Checking in on grammar checking

‘Checking in on Grammar Checking’ by Robert Dale is the latest Industry Watch column to be published in the journal Natural Language Engineering.

Reflecting back to 2004, industry expert Robert Dale reminds us of a time when Microsoft Word was the dominant software used for grammar checking. Bringing us up-to-date in 2016, Dale discusses the evolution, capabilities and current marketplace for grammar checking and its diverse range of users: from academics, men on dating websites to the fifty top celebrities on Twitter.

Below is an extract from the article, which is available to read in full here.

An appropriate time to reflect
I am writing this piece on a very special day. It’s National Grammar Day, ‘observed’ (to . . . → Read More: Checking in on grammar checking

How to make money in Machine Translation

Machine Translation across the world

Extract from the article ‘How to make money in the translation business’ by industry expert Robert Dale published in the journal Natural Language Engineering.

An anniversary year

2016 marks the fiftieth anniversary of an important event in the history of Machine Translation (MT). In 1966, after two years of work, the group of seven scientists who constituted the US National Science Foundation’s Automatic Language Processing Advisory Committee (ALPAC) handed down a 124-page report that was, well, somewhat negative about the state of MT research and its prospects. The ALPAC report is widely credited with causing the US government to drastically reduce funding in MT, and other countries to follow suit. . . . → Read More: How to make money in Machine Translation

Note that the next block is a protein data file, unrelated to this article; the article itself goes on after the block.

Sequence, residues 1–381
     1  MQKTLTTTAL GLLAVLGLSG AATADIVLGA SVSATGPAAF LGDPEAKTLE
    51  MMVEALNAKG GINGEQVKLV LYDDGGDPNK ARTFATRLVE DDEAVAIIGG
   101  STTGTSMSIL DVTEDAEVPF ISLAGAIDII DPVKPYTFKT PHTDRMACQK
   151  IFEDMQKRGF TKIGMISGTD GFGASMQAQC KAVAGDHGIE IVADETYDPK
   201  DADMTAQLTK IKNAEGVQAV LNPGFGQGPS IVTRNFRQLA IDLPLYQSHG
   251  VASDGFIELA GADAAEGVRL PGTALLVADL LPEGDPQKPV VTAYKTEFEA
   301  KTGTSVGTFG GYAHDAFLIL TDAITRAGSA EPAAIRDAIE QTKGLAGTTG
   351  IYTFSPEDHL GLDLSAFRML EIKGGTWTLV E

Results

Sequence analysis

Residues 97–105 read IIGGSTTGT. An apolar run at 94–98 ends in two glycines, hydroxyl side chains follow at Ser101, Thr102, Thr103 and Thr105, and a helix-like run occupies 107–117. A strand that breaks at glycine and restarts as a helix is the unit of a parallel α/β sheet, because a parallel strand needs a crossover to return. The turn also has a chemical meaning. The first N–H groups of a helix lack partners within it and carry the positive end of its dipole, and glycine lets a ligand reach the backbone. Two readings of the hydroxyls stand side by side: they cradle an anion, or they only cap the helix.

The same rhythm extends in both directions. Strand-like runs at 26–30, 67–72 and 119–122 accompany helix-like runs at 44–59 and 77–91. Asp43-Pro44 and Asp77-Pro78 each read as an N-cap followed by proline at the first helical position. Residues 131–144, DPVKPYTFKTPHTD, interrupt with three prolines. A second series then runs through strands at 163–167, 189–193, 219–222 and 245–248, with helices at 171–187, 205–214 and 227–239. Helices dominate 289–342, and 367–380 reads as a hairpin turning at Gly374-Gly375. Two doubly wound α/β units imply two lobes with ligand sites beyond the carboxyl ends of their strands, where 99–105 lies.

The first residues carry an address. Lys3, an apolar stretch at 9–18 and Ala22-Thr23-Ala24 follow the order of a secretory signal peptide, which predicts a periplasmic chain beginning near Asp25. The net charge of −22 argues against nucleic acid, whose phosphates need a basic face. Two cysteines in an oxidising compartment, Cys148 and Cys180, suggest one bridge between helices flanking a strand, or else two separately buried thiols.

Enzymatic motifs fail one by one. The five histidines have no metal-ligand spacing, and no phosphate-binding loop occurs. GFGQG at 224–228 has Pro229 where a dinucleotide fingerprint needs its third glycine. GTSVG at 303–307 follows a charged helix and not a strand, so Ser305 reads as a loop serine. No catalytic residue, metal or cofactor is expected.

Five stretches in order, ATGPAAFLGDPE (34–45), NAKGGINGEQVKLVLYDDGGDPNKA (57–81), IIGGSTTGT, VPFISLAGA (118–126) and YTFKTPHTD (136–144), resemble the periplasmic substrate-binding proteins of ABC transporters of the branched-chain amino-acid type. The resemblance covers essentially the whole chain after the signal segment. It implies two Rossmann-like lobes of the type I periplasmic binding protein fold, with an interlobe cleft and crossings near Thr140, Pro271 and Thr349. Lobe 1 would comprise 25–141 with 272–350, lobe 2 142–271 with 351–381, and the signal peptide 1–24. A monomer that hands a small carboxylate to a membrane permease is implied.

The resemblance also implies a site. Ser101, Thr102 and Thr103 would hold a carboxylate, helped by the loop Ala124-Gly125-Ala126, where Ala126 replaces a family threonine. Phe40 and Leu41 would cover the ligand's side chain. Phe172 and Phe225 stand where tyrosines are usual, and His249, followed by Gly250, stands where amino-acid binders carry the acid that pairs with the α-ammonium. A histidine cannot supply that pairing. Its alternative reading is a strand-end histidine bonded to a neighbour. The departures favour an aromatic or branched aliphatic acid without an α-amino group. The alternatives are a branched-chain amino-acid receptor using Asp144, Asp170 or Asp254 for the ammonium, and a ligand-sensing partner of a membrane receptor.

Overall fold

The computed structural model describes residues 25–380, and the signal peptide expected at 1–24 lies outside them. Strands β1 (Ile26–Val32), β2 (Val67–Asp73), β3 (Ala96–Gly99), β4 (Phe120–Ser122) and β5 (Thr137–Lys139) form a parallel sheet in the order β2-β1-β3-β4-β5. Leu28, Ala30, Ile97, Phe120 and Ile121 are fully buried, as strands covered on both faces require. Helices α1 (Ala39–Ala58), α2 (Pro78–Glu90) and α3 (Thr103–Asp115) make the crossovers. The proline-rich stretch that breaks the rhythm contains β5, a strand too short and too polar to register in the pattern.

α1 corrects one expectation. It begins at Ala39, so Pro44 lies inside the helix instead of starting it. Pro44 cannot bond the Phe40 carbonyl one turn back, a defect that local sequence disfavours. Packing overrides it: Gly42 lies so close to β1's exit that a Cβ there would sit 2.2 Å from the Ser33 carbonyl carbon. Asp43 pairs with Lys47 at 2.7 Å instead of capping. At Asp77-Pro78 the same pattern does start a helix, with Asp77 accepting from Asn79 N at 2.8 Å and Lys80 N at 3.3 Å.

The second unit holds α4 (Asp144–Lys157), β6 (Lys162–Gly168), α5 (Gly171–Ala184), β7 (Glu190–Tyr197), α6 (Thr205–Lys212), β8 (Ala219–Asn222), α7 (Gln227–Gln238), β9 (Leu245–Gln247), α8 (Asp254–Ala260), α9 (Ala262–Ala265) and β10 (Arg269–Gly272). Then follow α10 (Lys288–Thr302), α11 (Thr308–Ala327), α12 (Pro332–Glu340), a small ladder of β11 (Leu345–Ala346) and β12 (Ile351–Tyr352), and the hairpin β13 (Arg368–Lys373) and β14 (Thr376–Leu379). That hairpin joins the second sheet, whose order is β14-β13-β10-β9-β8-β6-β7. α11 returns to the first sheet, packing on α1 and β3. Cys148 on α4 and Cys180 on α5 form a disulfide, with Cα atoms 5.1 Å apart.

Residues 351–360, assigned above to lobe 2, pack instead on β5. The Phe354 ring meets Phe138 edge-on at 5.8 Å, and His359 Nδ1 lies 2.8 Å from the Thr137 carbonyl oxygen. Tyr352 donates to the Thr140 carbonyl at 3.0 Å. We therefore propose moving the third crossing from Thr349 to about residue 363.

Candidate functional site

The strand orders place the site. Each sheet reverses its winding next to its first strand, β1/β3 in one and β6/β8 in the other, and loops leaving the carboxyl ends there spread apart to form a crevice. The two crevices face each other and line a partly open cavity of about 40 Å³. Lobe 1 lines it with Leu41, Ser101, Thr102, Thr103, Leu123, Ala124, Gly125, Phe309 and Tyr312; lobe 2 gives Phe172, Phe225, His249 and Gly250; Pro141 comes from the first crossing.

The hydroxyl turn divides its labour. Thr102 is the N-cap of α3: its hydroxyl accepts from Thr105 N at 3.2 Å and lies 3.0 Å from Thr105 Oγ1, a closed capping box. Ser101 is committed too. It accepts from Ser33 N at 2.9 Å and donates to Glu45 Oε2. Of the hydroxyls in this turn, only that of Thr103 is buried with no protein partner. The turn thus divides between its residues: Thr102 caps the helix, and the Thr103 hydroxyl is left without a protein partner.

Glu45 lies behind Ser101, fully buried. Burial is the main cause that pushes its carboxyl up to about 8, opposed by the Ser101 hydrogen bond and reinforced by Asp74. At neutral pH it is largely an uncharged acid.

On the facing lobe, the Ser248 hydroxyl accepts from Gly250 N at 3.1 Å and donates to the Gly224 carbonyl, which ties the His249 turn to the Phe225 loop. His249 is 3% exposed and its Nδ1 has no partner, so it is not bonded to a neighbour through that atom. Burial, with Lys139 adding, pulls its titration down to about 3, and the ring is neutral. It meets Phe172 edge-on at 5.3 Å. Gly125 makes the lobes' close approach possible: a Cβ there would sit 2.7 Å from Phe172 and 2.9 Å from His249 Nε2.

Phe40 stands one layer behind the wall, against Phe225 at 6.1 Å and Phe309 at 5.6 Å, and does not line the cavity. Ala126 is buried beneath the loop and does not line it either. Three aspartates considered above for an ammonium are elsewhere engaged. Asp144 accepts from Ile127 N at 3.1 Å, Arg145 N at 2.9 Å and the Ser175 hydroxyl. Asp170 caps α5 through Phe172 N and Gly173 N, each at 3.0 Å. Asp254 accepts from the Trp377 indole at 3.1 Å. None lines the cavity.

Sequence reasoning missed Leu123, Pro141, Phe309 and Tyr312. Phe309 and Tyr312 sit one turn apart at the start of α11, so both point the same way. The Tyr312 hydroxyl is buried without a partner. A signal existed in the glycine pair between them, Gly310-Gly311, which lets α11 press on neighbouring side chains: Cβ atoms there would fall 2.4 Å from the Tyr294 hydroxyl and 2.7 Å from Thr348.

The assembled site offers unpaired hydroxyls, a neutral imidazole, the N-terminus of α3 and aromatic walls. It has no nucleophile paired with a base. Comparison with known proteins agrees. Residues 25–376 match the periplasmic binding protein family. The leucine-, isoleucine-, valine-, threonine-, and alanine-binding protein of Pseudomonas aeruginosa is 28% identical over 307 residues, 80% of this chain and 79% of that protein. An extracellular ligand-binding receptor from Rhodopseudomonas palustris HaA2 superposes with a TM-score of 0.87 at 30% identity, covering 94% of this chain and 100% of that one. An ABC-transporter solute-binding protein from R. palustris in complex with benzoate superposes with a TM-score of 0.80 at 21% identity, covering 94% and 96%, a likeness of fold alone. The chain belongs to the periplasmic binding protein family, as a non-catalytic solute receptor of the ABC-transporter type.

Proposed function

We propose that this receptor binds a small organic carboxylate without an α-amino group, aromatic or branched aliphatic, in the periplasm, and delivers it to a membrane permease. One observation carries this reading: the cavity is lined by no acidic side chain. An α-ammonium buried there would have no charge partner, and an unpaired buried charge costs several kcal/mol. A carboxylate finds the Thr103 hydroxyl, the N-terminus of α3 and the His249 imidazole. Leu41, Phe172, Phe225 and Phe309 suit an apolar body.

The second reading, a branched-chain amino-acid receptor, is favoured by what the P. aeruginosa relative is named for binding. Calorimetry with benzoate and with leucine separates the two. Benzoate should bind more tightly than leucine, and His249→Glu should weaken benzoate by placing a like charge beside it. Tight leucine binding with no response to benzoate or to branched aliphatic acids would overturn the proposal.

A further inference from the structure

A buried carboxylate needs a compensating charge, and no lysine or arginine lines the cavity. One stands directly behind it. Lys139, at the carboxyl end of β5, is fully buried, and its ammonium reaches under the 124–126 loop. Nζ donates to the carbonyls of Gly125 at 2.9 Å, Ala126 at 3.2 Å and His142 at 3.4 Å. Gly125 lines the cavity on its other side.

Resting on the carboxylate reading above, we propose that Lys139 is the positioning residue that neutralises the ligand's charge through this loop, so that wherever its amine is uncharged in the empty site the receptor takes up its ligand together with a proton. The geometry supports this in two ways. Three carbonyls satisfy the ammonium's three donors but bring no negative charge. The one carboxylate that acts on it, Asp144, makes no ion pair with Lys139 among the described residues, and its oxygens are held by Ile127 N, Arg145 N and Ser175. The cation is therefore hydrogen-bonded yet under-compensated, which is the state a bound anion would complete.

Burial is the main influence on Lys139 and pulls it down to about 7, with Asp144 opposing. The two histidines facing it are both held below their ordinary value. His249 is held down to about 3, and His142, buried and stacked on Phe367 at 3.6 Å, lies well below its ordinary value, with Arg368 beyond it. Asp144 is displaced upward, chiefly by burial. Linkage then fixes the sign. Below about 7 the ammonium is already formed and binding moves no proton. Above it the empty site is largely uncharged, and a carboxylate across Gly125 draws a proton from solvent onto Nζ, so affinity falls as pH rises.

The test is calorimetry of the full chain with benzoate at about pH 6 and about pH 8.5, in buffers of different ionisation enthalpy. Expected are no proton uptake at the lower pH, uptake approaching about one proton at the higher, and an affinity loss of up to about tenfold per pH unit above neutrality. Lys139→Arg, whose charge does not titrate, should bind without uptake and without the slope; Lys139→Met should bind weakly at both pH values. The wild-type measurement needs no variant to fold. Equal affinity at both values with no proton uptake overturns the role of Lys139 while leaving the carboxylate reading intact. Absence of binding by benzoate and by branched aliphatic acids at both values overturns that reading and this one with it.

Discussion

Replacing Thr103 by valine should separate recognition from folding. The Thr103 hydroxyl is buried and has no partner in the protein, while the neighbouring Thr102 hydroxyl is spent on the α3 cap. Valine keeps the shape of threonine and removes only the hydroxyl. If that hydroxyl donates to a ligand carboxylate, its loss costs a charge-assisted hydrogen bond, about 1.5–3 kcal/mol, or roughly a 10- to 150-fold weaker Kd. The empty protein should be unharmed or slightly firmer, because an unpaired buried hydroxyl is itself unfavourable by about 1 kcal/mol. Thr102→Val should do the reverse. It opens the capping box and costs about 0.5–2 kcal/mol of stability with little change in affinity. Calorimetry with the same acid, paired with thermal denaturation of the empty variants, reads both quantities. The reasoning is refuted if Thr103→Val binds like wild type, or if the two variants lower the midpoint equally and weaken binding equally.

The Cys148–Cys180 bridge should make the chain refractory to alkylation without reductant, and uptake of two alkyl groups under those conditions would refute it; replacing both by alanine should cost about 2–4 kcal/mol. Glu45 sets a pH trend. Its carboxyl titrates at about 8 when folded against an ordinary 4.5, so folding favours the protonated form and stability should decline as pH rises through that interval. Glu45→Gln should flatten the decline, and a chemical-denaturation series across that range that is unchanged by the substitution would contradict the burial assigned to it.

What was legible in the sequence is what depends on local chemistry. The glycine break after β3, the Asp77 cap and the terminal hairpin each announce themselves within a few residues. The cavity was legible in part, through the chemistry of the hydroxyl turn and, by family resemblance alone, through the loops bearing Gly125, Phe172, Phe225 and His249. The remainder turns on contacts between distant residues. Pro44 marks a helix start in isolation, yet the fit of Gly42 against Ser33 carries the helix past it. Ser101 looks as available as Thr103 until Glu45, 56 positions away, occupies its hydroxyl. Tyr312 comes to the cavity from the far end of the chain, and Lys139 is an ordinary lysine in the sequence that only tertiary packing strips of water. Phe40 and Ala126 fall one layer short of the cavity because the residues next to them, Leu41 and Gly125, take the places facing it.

Machine learning helps computers predict near-synonyms

Choosing the best word or phrase for a given context from among candidate near-synonyms, such as “slim” and “skinny”, is something that human writers, given some experience, do naturally; but for choices with this level of granularity, it can be a difficult selection problem for computers.

Researchers from Macquarie University in Australia have published an article in the journal Natural Language Engineering, investigating whether they could use machine learning to re-predict a particular choice among near-synonyms made by a human author – a task known as the lexical gap problem.

They used a supervised machine learning approach to this problem in which the weights of different features of a document are learned computationally. Through using this approach, the computers were able to predict . . . → Read More: Machine learning helps computers predict near-synonyms

Can your phone make you laugh?

Funny Texting

Examples of humorous and sometimes awkward autocorrect substitutions happen all the time. Typing ‘funny autocorrect’ into Google brings up page upon page of examples where phones seem to have a mind of their own.

A group of researchers at the University of Helsinki, under the lead of Professor Hannu Toivonen, have been examining word substitution and sentence formation, to see the extent to which they can implement a completely automatic form of humour generation. The results have been published online in the in the journal Natural Language Engineering.

Basing the experiment on the ideas and methods of computational humour explored by Alessandro Valitutti for several years, the researchers worked with short length text messages changing one word to another one, turning . . . → Read More: Can your phone make you laugh?